On Sat, 2005-04-02 at 02:10, Aidas Kasparas wrote:
Re 1 try only. There is little sense to do more tries. If there is no
deamon listening to pfkey messages, then no connection will be made no
matter how many retries you'll do. If deamon/link/peer is slow and SA
was not established before timeout expired, then repeated acquire will
be simply ignored (deamon will find out that negotiation is already in
progress, there is no reason to start another negotiation and therefore
will drop that acquire request). And the only situation where repeated
acquires may help is when pfkey messages are lost.
Exactly what i was trying to emulate - lost messages.
Your emulation was not correct. More correct would have been to start KE
daemon, let it fully initialize (open pfkey socket, inform kernel that
it is interested in acquire messages), then stop it (via debugger or
kill -STOP) and only then send pings or other traffic and see what will
happen. This is because there are different paths in xfrm+pfkey for
cases 1) when there is no KE daemon and 2) when daemon is, but for some
reason it does not establish a SA and therefore reaction to traffic is
In the first case it's xfrm_lookup() ->xfrm_tmpl_resolve()
->xfrm_state_find() ->xfrm_state.c:km_query() ->pfkey_send_acquire()
->pfkey_broadcast() ->return -ESRCH. This error code goes unchanged back
to xfrm_state_find, where it is remaped into itself (other possible
values are -EAGAIN and -ENOMEM). And then this error code goes back to
In the second case it's xfrm_lookup() ->xfrm_tmpl_resolve()
->xfrm_state_find() ->xfrm_state.c:km_query() ->pfkey_send_acquire()
->pfkey_broadcast() ->pfkey_broadcast_one() -> return 0 also sent
unchanged back to function xfrm_state_find, where SA is put into state
XFRM_STATE_ACQ. xfrm_tmpl_resolve() returns -EAGAIN. xfrm_lookup then
organizes timeout, and if the state was not changed after that timeout,
returns -EAGAIN to the application.
On the other hand, analysis above shows that return code is choosen by
xfrm framework, therefore if error code has to be changed, it should be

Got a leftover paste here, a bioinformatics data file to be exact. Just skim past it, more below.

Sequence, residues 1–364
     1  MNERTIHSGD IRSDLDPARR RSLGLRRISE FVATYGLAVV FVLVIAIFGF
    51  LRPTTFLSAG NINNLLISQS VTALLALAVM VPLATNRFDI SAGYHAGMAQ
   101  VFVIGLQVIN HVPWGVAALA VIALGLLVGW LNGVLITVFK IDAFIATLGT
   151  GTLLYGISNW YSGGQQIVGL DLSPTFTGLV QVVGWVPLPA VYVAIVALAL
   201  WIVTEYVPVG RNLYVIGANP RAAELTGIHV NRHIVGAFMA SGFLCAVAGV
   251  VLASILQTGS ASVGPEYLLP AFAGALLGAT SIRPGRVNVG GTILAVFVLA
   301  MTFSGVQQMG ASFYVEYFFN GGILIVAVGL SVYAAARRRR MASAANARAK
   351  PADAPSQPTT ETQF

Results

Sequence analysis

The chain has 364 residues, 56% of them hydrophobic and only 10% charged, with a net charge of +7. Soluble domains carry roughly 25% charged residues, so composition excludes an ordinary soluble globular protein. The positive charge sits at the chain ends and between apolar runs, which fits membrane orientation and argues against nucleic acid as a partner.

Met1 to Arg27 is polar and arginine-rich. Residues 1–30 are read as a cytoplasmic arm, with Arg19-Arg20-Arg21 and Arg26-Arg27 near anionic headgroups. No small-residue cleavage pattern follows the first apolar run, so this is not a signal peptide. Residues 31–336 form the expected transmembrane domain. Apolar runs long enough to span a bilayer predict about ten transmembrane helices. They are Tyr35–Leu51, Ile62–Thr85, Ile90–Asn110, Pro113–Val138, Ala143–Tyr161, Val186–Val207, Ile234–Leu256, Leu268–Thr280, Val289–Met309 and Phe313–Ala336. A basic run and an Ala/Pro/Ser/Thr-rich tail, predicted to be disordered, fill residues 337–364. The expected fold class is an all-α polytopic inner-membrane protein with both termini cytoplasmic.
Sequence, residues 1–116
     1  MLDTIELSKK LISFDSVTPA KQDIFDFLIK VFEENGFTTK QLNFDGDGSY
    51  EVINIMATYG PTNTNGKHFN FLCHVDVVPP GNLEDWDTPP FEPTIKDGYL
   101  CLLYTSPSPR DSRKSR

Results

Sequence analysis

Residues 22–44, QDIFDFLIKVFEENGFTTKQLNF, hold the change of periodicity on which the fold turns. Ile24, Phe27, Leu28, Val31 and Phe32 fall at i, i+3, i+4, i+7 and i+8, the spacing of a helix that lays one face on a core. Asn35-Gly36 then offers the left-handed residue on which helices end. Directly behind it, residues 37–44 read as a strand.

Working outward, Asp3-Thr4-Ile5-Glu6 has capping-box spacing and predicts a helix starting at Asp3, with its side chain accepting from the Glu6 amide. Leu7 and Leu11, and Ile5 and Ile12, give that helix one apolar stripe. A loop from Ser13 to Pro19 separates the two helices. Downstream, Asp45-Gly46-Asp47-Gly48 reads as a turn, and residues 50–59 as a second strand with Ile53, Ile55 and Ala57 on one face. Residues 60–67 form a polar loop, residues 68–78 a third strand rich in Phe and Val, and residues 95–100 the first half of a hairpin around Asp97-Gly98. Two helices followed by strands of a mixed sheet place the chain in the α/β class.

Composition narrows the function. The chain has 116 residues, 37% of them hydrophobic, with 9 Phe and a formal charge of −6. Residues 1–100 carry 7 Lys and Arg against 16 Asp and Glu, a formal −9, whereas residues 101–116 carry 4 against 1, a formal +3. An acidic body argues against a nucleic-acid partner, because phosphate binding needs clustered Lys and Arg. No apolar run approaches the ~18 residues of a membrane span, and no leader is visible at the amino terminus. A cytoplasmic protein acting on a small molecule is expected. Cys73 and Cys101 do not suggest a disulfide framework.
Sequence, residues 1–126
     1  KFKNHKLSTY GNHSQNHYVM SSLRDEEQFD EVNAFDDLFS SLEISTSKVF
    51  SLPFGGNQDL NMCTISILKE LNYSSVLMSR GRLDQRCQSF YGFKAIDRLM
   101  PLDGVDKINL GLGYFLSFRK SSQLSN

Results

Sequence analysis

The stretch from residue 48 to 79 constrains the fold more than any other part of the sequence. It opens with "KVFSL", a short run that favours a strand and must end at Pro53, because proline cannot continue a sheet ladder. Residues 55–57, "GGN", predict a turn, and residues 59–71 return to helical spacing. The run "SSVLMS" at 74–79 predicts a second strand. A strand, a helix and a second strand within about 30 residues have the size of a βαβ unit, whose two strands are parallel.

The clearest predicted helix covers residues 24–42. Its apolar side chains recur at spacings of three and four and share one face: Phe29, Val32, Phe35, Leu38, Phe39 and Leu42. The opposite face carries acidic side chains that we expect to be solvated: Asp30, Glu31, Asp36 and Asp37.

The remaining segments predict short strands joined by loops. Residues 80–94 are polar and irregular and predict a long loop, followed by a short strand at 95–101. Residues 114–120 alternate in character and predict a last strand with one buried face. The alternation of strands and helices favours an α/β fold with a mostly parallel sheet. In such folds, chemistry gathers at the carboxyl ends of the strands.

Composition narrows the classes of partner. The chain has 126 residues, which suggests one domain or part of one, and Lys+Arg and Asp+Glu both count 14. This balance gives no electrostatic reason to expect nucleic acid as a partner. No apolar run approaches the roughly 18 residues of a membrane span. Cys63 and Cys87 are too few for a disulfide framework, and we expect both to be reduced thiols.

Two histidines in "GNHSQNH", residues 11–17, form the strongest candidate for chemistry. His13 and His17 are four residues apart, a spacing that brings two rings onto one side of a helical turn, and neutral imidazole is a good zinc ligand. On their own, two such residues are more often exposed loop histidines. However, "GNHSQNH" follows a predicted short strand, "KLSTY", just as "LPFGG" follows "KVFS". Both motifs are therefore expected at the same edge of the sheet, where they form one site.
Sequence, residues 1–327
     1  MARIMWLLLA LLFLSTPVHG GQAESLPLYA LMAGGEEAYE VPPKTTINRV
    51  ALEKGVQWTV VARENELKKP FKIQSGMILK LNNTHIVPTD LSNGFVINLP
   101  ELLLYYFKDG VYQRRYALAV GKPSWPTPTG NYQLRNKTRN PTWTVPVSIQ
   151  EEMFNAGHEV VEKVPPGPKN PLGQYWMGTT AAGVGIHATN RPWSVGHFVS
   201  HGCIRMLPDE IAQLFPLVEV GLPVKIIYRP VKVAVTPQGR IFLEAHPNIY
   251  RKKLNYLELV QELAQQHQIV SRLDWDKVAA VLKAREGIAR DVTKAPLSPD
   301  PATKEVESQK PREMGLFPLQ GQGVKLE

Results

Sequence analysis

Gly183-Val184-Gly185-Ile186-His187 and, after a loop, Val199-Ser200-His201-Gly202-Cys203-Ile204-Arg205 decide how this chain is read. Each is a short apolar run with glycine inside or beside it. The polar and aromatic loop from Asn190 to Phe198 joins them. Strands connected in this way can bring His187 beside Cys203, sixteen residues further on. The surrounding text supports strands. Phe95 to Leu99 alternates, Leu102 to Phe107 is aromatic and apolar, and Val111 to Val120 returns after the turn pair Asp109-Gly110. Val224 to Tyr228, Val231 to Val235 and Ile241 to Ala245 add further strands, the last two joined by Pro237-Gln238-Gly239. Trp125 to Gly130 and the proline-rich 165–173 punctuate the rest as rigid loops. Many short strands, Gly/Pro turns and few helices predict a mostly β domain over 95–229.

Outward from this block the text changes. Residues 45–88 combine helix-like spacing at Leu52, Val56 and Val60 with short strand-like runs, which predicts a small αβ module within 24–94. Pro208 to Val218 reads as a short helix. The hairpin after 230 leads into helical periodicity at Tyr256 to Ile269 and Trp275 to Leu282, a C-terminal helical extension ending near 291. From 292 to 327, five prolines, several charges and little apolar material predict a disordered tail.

changed in xfrm, not in pfkey or netlink code.
I would expect it
to be the rule to loose messages - but given theres no guarantee of
delivery, messages could be lost.
But pfkey was not
designed to survive message loses, therefore you should not operate your
boxes in mode when lost pfkey messages are a rule, not an exception. And
on the other hand, occasional pfkey message loses can be worked around
by applications/user retry.
I think its more than just pfkey (or netlink) - rather the ipsec
One could look at the acquire as part of the "connection" setup
(for lack of better description). Without the acquire succeeding, theres
no connection..(assuming that to be a policy).
Therefore if acquire is not supposed to be delivered with some certainty
(read: retries) then theres some resiliciency issues IMO.
OK, To avoid speaking about apples and oranges let's first find out
where you see the problem. In the ipsec framework there are the
following players (I'm speaking about pfkey case; netlink may be little
xfrm <-> pfkey <-> KE daemon <-> remote peer
xfrm-pfkey communication is based on function calls. For them to fail
something really weird has to happen with your kernel.
KE deamon - remote peer communications are done on UDP/500, UDP/4500
according to internet standards. Packet retransmissions are implemented
the way standards require, therefore it is not a fatal condition if some
packet will be lost on the way. And there is no 1:1 correspondence
between packets sent over internet and those sent over pfkey socket.
These communications are performed relatively independent. There is no
need to receive extra acquire pfkey message to retransmit packet which
initiates SA setup with remote peer.
pfkey - KE daemon communication is performed over message socket. All